Since the development of psychological assessments of ‘intelligence’ at about the beginning of this century, many groups of people have been tested. By and large, most have performed at lower levels than people of north-western European origin or ancestry, who belong to the culture within which the tests were devised.
Among the poor performers, with average IQ’s of 80 to 92, have been people of southern and eastern Europe and Caucasian people from further east (Greeks, Yugoslavs, Iranians, Iraqis, Turks, Indians), tested in their homelands, mostly in large numbers and by compatriots, on ‘standard’ non-verbal or translated tests.
These relatively poor performances demonstrate the extent of cultural learning of a particular type involved in most cognitive tests. Presumably, north-western European cultural learning is required for good performances on tests coming from this cultural background, so that children from different backgrounds, even those from other areas of Europe, are likely to be disadvantaged.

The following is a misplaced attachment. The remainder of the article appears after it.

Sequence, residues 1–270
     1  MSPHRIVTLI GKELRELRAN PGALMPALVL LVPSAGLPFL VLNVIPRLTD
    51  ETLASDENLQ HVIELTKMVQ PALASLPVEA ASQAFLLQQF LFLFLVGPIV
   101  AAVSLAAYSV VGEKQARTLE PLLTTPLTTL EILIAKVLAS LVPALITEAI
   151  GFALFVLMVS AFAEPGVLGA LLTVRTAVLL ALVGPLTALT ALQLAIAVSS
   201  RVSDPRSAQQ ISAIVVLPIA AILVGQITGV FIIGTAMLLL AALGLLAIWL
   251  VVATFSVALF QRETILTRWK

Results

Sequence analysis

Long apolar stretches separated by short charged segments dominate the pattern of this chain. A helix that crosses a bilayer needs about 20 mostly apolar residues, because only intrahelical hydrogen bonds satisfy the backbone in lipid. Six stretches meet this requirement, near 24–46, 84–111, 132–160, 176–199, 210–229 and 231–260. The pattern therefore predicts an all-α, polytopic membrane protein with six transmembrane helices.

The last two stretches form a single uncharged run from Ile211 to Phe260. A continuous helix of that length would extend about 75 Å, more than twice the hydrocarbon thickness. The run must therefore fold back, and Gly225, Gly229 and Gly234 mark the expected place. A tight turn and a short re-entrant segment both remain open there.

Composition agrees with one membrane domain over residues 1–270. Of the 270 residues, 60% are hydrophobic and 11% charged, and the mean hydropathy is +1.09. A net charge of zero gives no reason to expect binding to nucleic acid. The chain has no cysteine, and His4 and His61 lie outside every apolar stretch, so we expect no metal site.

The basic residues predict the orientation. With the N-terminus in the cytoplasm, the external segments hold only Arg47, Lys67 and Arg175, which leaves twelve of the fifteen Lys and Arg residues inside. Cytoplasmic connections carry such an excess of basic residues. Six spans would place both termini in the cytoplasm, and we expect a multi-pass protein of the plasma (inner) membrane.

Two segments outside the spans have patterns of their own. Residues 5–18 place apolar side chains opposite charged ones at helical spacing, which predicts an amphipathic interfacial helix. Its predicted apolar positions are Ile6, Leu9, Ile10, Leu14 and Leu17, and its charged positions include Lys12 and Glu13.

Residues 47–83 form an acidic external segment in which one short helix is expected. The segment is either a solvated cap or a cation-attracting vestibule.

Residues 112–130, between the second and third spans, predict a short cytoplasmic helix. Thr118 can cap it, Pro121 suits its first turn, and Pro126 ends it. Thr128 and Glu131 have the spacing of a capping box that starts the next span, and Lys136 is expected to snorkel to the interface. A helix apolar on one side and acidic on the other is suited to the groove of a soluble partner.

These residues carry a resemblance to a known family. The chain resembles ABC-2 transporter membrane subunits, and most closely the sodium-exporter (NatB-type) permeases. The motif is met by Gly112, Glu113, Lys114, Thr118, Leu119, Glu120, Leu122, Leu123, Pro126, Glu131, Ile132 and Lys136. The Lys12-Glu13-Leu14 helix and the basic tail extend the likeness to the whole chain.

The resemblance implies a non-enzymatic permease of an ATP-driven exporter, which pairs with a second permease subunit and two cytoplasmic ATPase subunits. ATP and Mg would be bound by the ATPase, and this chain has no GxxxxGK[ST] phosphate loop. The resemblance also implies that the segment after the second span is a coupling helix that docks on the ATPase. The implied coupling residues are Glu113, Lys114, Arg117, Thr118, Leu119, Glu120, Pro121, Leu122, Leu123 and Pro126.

Children from more widely different backgrounds, such as those from hunting and gathering groups, can be expected to be disadvantaged even further.
Nevertheless, hunting and gathering people have been tested on Western-type tests, and poor performances interpreted as indicating inferior ability. Kalahari ‘bushmen’ people in the 1930s were assigned a mean mental age of 7.5 by Porteus as a result of their performance on his Maze Test.
In the same period, Aboriginal people of north-west Australia performed poorly on this test, with ages ranging from 8.22 years to 12.17 years for adults. Aboriginal people have performed poorly, but not invariably so, on other tests.